Christian Metz
[Writer and film theorist, b. 1931, Béziers, France, lives in France.]

 The familiar photographs that many people carry with them always obviously belong to the order of fetishes in the ordinary sense of the word. 
 The person who has been photographed, not the total person, is dead, dead for having been seen. 
 I would say that the off-frame effect in photography results from a singular and definitive cutting-off which figures castration and is figured by the “click” of the shutter. 
 Photography is linked with death in many different ways. The most immediate and explicit is the social practice of keeping photographs in memory of loved beings who are no longer alive. But there is another real death which each of us undergoes every day, as each day we draw nearer to our own death. Even when the person photographed is still living, that moment when she or he was has forever vanished.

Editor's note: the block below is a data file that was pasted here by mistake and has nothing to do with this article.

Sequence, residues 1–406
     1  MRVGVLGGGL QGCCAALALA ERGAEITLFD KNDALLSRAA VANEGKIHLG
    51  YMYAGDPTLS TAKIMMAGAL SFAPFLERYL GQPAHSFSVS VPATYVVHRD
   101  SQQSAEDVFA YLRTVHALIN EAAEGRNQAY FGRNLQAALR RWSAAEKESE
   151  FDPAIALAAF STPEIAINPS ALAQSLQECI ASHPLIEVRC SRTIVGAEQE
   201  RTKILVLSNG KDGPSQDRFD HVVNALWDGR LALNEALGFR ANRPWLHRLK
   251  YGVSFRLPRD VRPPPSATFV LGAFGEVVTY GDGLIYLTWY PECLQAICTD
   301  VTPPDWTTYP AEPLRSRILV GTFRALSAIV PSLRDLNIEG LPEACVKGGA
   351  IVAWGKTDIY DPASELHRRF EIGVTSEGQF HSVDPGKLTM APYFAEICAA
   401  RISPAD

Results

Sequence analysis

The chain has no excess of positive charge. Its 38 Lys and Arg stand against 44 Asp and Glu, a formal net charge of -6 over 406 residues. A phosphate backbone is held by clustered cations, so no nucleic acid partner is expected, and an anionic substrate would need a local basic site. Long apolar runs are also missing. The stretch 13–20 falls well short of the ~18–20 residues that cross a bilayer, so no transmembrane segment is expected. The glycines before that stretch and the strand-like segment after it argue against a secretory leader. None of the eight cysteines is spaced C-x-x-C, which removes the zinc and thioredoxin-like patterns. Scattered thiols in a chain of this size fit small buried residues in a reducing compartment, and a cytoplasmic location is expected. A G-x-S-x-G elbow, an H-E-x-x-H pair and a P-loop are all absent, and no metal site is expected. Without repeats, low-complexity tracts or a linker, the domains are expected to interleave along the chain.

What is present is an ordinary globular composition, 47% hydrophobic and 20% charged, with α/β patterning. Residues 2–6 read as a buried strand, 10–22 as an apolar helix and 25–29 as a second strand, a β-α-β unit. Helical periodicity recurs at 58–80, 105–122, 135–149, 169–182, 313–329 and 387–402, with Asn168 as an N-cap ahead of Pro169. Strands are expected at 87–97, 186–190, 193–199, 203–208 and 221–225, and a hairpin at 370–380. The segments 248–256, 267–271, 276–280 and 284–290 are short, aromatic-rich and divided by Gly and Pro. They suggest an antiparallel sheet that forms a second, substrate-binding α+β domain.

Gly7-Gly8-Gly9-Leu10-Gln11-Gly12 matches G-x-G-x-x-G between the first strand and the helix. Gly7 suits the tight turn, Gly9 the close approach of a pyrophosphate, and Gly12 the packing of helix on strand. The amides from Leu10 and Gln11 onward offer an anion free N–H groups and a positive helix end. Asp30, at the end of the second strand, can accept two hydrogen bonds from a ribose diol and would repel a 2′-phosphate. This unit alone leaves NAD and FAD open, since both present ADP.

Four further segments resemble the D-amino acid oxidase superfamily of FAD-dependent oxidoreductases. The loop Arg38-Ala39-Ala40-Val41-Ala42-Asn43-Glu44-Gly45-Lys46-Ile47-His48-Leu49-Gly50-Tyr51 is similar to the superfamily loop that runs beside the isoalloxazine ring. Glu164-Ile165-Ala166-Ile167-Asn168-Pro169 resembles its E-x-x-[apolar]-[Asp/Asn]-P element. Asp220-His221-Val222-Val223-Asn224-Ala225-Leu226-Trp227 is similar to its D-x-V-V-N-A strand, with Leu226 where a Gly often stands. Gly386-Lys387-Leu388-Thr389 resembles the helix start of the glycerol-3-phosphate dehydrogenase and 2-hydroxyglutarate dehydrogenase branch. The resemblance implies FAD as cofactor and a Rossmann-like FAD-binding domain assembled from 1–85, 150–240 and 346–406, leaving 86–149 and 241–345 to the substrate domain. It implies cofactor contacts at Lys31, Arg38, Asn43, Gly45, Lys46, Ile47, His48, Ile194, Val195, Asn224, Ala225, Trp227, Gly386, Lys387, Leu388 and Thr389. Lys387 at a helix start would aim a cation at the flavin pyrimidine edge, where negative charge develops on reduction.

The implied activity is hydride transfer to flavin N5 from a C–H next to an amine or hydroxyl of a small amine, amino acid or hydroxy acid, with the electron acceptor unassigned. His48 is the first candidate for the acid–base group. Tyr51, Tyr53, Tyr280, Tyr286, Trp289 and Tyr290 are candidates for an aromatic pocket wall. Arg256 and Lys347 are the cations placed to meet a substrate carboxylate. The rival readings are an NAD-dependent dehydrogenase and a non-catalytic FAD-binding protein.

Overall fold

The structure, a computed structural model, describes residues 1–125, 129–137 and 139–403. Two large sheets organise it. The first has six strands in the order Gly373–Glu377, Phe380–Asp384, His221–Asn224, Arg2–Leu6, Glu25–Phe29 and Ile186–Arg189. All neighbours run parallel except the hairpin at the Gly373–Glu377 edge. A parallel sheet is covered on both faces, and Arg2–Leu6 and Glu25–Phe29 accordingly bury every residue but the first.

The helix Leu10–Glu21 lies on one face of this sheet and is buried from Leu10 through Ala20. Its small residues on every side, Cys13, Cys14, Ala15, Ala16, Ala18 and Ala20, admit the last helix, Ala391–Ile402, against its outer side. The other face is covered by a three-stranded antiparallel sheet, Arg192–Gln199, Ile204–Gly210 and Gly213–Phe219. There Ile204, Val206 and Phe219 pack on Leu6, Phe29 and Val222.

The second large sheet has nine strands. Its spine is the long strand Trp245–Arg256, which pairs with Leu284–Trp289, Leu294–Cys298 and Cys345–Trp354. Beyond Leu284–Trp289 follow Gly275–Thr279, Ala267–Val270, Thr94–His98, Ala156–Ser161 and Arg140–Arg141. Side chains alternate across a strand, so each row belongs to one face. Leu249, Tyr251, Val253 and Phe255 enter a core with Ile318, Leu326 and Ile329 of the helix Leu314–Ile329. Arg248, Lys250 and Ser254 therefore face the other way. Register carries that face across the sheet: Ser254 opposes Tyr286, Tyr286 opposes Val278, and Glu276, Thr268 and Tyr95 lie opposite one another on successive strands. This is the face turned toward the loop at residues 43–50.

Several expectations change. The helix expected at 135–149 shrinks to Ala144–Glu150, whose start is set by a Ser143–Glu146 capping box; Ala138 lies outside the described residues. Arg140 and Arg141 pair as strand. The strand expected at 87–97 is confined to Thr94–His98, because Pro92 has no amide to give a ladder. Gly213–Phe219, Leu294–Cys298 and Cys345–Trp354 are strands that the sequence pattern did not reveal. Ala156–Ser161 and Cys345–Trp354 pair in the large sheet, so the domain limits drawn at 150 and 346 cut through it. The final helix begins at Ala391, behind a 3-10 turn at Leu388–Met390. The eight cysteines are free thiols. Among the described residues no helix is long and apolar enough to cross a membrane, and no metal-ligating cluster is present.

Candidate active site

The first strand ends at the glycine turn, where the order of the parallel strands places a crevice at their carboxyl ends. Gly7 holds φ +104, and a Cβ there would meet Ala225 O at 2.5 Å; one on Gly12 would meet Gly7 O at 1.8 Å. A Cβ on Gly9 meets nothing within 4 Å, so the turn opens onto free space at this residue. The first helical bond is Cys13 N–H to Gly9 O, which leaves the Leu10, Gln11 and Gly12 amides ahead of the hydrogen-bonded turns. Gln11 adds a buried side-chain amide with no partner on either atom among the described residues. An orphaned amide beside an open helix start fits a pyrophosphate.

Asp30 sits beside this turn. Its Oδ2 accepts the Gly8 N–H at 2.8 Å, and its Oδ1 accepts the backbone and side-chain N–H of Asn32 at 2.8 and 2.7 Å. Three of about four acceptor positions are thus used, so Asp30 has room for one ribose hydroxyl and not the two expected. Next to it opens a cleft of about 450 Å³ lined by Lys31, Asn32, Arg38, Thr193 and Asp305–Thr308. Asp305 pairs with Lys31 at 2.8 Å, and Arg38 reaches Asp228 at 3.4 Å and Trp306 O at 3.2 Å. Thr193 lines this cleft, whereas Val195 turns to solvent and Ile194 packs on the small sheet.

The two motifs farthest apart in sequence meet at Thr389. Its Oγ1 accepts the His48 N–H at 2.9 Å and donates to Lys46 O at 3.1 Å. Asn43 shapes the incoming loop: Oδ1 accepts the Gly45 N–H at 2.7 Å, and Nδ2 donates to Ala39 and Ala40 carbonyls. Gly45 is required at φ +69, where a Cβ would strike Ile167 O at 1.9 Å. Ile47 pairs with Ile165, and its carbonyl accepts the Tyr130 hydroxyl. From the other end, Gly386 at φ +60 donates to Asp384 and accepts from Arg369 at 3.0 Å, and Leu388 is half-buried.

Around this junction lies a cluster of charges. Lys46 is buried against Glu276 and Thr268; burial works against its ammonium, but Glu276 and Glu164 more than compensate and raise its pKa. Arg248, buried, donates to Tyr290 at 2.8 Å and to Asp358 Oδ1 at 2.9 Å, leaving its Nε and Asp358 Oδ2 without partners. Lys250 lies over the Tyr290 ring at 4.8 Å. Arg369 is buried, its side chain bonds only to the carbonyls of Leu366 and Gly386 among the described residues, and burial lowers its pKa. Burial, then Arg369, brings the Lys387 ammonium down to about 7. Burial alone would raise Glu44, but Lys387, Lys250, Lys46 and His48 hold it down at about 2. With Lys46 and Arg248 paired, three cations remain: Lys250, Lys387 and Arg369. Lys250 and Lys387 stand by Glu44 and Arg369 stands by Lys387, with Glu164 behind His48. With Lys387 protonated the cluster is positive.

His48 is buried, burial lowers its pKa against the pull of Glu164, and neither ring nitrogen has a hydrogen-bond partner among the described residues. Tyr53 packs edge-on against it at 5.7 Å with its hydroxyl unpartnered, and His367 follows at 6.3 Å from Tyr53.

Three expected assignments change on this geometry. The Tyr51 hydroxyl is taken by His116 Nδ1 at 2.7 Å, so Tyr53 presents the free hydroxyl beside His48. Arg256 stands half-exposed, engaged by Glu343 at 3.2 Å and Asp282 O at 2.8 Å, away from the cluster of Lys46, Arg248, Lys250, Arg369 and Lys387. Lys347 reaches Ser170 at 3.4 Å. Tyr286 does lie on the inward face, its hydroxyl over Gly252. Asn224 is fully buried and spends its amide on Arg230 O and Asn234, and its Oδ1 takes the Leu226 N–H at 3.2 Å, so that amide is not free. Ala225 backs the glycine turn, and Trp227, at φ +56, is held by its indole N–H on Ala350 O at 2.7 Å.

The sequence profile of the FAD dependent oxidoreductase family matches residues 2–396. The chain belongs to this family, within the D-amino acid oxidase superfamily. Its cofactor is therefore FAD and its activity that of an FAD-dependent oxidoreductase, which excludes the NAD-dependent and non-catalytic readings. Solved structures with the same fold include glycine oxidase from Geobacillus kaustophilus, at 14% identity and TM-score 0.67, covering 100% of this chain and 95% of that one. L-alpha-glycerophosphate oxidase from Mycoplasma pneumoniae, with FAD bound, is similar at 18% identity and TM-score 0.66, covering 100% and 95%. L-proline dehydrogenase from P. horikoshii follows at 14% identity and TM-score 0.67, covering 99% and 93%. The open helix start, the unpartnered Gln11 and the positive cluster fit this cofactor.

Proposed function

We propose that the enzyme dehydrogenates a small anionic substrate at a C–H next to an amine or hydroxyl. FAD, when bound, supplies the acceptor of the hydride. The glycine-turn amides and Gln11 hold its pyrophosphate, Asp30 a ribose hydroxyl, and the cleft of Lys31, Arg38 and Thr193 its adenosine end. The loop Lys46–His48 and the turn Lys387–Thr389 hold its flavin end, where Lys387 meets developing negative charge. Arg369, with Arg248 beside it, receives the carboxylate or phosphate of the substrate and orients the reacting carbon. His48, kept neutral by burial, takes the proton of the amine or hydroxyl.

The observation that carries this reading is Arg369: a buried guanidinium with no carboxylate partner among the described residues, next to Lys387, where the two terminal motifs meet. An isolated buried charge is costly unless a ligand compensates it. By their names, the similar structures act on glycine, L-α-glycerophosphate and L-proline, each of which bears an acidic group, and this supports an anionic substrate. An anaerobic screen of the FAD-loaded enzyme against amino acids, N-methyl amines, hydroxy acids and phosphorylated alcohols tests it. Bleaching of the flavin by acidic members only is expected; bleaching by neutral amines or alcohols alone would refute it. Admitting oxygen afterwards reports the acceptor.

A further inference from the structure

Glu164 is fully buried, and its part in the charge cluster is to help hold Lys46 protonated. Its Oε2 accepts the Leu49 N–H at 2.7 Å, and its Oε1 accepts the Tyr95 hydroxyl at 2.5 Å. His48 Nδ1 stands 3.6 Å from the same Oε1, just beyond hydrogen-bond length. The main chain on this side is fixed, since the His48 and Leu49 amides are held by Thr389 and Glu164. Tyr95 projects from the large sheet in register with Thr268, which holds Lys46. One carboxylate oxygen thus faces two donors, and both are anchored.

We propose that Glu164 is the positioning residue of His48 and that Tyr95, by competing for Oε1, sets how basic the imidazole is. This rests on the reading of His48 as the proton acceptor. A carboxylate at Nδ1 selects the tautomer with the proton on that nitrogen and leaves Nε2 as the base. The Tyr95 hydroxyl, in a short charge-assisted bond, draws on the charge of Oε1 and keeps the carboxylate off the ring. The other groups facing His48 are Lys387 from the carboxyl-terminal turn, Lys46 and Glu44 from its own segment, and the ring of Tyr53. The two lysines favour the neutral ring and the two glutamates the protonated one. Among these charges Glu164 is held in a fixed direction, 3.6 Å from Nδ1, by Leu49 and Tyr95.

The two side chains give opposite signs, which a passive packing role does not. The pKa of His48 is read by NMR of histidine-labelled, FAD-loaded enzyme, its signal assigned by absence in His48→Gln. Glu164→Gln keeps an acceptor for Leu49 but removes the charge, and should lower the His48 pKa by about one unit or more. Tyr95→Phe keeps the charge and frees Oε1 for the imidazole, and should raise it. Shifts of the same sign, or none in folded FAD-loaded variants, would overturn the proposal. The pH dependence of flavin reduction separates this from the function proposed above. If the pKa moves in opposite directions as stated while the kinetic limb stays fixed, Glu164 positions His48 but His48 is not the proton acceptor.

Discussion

Photography is the mirror, more faithful than any actual mirror, in which we witness at every age, our own aging. The actual mirror accompanies us through time, thoughtfully and treacherously; it changes with us, so that we appear not to change. 
 The importance of immobility and silence to photographic authority, the nonfilmic nature of this authority, leads me to some remarks on the relationship of photography with death. Immobility and silence are not only two objective aspects of death, they are also its main symbols, they figure it.